I’m a red rider.



I’m riding my bike for a cure on April 12 in the American Diabetes Association’s Tour de Cure. Diabetic cyclists who ride in the tour to raise money for diabetes are called red riders.



This is my second tour and the first time I rode in it changed my life. The tour is all about supporting people with diabetes and it’s held in major cities nationwide. Last year’s event more than 65,000 cyclists in 89 events raised more then $26 million to support the mission of ADA, which is to prevent and cure diabetes and to improve the lives of all people affected by the disease. Most people can say they know someone who has diabetes.



As I’ve said before, I’ve been insulin dependant (type 1) since 1989. Type 1 diabetes results from the body’s failure to produce insulin, the hormone unlocking the cells of the body, allowing glucose to enter and fuel them. Latest statistics estimates 5-10 percent of Americans have type 1. However, type 2 diabetes accounts for about 90-95% of all diagnosed cases of the disease. Type 2 usually results from insulin resistance (a condition in which the body fails to properly use insulin), combined with relative insulin deficiency. 25.8 million Americans have diabetes. The disease is an ongoing challenge and a constant battle. Riding my bike to raise money for a cure is the least I can do. Every time I put on my helmet and click my shoes on my bike, I think about my ride in 2012. My husband, my friend Anica and I rode 43 miles that day. My first hour out I cried because around every corner someone was cheering me on saying, “Go red rider!” On every corner I passed was a red and white sign saying “we’re riding for a cure.” Other than within my immediate family’s love and support, I’ve never felt so encouraged. The ride helped me learn to train and keep a lofty goal ahead of me.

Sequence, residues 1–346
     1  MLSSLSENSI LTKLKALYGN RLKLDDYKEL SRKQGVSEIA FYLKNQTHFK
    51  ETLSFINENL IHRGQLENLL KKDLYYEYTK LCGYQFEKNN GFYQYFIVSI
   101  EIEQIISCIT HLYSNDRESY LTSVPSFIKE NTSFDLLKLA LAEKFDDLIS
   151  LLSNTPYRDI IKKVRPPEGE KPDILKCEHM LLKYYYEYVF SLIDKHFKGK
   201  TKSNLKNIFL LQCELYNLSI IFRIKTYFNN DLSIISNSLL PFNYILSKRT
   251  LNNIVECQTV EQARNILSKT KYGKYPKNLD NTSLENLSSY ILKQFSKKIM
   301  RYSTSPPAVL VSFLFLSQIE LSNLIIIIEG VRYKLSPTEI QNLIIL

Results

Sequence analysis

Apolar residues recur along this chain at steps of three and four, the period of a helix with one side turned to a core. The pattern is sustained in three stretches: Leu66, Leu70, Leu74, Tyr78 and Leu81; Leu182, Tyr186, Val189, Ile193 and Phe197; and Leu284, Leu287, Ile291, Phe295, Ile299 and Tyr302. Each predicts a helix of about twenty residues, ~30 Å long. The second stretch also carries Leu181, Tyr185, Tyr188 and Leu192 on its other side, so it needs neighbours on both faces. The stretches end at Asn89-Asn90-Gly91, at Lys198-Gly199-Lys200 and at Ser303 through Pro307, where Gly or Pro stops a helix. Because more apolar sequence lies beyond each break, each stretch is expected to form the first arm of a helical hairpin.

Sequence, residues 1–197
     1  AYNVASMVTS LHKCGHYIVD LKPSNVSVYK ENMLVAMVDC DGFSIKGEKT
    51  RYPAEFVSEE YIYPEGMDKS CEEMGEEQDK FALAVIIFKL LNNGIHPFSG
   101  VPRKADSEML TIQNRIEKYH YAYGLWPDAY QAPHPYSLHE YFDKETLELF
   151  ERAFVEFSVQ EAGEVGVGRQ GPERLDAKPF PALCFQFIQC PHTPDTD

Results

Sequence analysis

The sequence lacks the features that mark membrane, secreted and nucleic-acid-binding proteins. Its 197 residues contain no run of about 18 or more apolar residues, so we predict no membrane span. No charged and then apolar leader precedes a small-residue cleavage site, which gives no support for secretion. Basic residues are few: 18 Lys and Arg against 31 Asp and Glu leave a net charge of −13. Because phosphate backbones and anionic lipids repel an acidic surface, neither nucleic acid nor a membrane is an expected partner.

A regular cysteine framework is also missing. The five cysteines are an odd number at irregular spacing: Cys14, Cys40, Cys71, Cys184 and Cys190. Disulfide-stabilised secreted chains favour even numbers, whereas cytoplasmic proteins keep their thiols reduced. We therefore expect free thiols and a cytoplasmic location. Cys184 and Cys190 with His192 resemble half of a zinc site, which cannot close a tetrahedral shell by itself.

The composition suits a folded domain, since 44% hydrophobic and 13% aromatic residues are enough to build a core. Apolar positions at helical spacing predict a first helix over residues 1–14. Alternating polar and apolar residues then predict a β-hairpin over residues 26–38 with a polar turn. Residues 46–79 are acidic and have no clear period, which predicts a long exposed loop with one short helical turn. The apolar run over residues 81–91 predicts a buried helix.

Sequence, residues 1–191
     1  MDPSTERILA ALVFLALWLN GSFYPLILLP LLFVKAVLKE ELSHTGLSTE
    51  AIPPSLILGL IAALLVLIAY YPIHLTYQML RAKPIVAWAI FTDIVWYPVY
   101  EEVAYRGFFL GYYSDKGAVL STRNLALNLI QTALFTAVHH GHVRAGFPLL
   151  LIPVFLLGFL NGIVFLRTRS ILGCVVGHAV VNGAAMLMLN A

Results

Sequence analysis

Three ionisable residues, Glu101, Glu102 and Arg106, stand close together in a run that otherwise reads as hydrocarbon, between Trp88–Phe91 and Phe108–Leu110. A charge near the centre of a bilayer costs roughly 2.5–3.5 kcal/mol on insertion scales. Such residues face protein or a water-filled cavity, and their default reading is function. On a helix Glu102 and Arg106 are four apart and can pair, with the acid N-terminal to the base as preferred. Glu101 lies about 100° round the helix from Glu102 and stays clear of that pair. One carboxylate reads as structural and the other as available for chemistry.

My point is this—if you love someone who struggles daily with this disease and especially if you’ve lost someone you love to diabetes—support the cause. I’m aware there are many, many worthy foundations to support. But with so many Americans fighting the battle every day, it’s a cause worth supporting.